Home Council Landfill Weight Scale Feasibility Report

Landfill Weight Scale Feasibility Report


The Public Works Manager recommended that the Council of the Township of Whitewater Region direct staff to proceed with a request for proposals to purchase and install a weight scale at the Ross Landfill Site.

Lane Cleroux said that the three primary fee types for landfills are volume, vehicle classification and weight, with each having ‘advantages and disadvantages’.

“Charging by weight is the most accurate and fair method. It’s cut and dried for fee.” He said. “It has some drawbacks. It charges for air weight as well as density, and there’s the cost of the purchase of the scales.”

He said that there’s also site operation issues, where all traffic is funneled into a specific area and often requires driving over the scale twice.

He said that they would have to do surveying, which is done annually, but suggested moving it to bi-annually

He said they could compare curbside pickup and leaf amounts with the scales and determine usage changes from year to year.

“Scales have been talked about over the years.” He said, and cited the Ross feasibility study.

He said the financial cost would vary by the length of the scale, with 40-foot being the most common, but would not be able to accept transports.

“We only had two this year.” he said.

He said the pricing ranged from $$125,000, which the prices changing every week due to fluctuating steel prices, which the scales are made of.

He said a computerized system would be included that could track each load and allow quick change of prices.

He said any site improvements in gates or the landfill were not included in these costs.

Councillor Jackson asked if they were ‘jumping the gun’ with the scale purchases, as they were originally scheduled for 2022, and wanted justification for the budget being pushed up.

“The 2021 budget included the site review.” Trembley said. “We got a directive to look into weight scales now, which can occur at the same time as the site evaluation. As JP2G finalized the site plan, they can also look at the weight scales. Ordering them now would ensure they are ready. It’s whether or not you want to proceed now, or wait.”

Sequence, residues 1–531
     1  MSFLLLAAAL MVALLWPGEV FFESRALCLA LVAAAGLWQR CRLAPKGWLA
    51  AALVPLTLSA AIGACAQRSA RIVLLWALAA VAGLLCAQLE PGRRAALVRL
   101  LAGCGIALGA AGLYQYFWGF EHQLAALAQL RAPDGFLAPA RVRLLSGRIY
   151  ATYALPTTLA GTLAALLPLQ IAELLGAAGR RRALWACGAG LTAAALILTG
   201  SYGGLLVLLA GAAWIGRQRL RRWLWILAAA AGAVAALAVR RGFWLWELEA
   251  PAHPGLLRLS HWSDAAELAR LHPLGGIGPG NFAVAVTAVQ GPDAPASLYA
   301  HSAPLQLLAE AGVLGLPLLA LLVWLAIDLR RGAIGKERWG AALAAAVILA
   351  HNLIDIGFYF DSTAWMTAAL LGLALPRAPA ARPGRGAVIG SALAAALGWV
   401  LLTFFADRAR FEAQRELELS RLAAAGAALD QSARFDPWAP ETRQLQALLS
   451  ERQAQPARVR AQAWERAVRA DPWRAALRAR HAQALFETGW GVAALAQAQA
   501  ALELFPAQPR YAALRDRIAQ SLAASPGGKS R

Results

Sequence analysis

“The feasibility is on the expansion side.” he said.

Councillor Jackson asked how difficult it would be to move the scales should the site require expansion.

“This couldn’t be installed in the winter-time” Cleroux said, due to the concrete slab and other installation work.

“I think we need to have a more fulsome idea of the cost of the scale.” Jackson said. “I think we need to know more about how we’re going to get to the scale, that we know. It’s fine to know that the cost is between $75,000 and $125,000, a $50,000 distance, but it also says it may go to 40-80 feet. Isn’t that something we’re hiring JP2G to determine what we require?”

“With an 80-foot scale, it would take a lot of real estate up.” Cleroux said. “One of the things we’re looking into is what are our longest vehicles. That would dictate what kind of scales we’ll need.”

Councillor McLaughlin said: “I wanna do this, I like the idea, I want to do it once and I want to do it properly. I don’t understand what the rush is. I say stay with the structure we have now until we’re absolutely sure we want to go for this. I think when people see we’re moving forward, they’ll be amenable to what we have now.”

Councillor Nicholson asked how they were going pay for it, which Cleroux said an RFP would be better than tendering.

“We’re not experts on scales.” he said. “[With RFP] They could submit proposals to us, and we can rank them based.”

“JP2G is not divorced from this process.” Trembley said. “We are under the understanding that weight scales was the controversies regarding this process. We’re not going to buy something and plop it in the middle of this, we’re going to put it into a fulsome review of our facilities.”

Councillor Olmstead asked if they were just seeking information on it, which Cleroux confirmed that there wasn’t an obligation to act.

“There’s more outs and we can suggest as Council what direction to go.”

COuncillor Jackson asked what the addition cost would be to have people ‘in the wayhouse’ for the scales, and what staff would be used there.

Cleroux said that they would propose “The curbside collection at Millers, or even the public works staff could have a keyfob when they went onto the scale that can track it even if not there.”

Councillor Nicholson Offered that when they accept the results of the RFP, they have a complete layout report.

“It’s going to take years of data, but with a system like this you’d have that data. It would allow you to more accurately set your fees.” Said Treasurer Sean Crozier. “With the data, you can forecast the fee and come up with a fee that’s more fair for everyone.”

Reeve Regier said she thought they would have to change the proposal if they were just ‘seeking information’.

CAO Trembley said that the RFP would ensure they “outline the site we have and what we’re generally looking for ,and when that comes back we can confirm that.”

The motion was carried.